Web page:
Thursday, July 17, 2008

Tour de France

I've been writing about movement, flying and of course training some, but with another rider busted in the Tour de France today my thoughts are on that event.

I used to really like watching the Tour de France. When Floyd Landis was busted for doping in the Tour I was pissed at Floyd. I had reveled in his stunning comeback, his guts, and his general down-home attitude. Then it turned out that he had doped (no real surprise for any Tour rider), and I felt betrayed despite feeling I should have known better. I followed Floyd's appeals and legal maneuvering as the case went through the courts, and at one point I became convinced that he hadn't been busted so much as framed by bad evidence. Then I read some more, and the reality is that nobody but Floyd will ever know exactly what happened. I expect that maybe in ten or 20 years the "real" evidence will come out as it often does. This year I followed the Tour a bit, but it's the same old game of doping violations. I've now just lost interest in the Tour; what does it mean to win an event that's so obviously drug-fueled? What it really boils down to for me is that the Tour is simply nothing more than a bad joke no matter what happened with Floyd and others. Either Floyd is lying like mad or the Tour is incompetent at drug testing. Either way my response is the same: I'm not interested anymore. My opinion matters little, but I suspect there are a lot of people out there who feel the same. Maybe drug testing is a dead end for athletics, maybe there are ways to test effectively, but the real problem is that high-end aerobic and strength events have big stakes, and someone will always try to cheat in that environment. It's human nature.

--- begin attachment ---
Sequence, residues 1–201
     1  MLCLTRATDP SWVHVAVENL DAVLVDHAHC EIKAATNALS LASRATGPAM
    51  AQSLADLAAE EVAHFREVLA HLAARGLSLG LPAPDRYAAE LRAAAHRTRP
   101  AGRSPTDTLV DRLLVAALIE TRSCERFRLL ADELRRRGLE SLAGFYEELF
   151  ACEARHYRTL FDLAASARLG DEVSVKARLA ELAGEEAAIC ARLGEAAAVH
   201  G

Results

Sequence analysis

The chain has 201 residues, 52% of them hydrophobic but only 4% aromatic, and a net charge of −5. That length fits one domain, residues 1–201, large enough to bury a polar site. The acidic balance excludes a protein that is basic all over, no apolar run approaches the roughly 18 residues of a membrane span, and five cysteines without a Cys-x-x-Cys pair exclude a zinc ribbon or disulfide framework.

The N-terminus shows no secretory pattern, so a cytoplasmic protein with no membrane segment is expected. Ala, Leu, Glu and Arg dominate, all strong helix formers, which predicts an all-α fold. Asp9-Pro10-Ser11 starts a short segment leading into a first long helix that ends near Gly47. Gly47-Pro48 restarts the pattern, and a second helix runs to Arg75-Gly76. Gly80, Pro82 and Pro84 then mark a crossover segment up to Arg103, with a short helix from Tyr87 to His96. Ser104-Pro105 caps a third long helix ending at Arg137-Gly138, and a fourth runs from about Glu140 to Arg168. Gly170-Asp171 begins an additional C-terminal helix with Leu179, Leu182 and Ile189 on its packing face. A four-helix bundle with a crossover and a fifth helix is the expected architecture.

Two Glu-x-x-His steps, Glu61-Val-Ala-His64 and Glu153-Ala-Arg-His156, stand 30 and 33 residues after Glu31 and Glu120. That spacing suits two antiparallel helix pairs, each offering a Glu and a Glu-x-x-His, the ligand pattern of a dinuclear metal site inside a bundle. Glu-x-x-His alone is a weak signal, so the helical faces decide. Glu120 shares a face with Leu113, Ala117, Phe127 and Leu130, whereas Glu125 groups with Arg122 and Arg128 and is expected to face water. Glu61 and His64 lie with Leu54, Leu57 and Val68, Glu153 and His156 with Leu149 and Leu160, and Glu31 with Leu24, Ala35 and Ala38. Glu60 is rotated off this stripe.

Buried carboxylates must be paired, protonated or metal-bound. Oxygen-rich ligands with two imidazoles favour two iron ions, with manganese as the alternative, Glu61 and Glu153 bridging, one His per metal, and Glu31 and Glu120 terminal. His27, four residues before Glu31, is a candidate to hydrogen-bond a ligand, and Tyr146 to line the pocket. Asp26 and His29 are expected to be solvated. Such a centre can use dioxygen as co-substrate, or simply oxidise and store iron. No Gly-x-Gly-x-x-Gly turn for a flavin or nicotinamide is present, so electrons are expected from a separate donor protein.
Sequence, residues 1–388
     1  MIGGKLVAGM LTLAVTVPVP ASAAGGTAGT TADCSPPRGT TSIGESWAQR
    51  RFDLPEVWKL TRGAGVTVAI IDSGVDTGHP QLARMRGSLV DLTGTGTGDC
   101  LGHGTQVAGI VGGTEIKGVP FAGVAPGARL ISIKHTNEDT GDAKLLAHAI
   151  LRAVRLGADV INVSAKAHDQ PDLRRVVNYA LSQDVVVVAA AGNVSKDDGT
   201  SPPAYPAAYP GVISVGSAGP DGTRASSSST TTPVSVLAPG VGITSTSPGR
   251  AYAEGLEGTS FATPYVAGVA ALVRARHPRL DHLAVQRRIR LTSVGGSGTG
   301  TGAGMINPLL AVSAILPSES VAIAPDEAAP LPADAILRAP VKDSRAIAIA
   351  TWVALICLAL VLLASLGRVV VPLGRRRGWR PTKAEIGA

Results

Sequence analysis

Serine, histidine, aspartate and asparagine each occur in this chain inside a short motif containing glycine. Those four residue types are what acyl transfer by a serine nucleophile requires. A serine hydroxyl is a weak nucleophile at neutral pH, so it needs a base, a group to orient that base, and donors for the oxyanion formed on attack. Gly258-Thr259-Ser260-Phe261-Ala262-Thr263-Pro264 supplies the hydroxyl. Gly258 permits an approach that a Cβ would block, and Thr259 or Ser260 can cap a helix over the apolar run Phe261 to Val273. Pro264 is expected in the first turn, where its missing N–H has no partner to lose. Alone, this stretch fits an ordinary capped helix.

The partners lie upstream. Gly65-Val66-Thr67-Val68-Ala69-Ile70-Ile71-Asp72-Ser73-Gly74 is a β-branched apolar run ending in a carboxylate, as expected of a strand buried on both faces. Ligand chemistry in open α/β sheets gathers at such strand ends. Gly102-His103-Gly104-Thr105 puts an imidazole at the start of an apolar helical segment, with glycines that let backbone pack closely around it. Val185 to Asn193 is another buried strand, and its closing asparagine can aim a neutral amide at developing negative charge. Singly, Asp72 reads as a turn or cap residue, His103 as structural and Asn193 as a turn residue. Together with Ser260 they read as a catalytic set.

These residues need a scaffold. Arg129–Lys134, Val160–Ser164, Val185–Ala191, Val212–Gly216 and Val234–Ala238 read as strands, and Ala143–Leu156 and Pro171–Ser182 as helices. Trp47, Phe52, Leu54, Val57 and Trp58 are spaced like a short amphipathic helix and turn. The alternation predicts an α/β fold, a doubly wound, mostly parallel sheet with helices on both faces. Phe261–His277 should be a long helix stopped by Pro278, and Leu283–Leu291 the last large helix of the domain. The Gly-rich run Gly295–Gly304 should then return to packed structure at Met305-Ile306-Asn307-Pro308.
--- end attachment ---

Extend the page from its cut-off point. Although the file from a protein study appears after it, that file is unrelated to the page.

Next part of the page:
I've lived and worked with amateur and professional bike racers over the years and deeply respect the dedication and effort they put into their sport, but I can't respect the Tour as an event, nor can I find the confidence to trust any of the athletic performances I see on that asphalt stage. Football, baseball, hockey, any "huge" event has basically the same set of temptations and will likely produce the same behavior.